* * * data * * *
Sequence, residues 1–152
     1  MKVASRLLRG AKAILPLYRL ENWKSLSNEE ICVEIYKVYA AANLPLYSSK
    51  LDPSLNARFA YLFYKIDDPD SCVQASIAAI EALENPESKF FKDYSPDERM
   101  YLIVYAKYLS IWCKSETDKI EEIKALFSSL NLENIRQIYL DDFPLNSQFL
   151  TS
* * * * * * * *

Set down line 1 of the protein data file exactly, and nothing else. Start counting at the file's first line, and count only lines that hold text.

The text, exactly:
Sequence, residues 1–152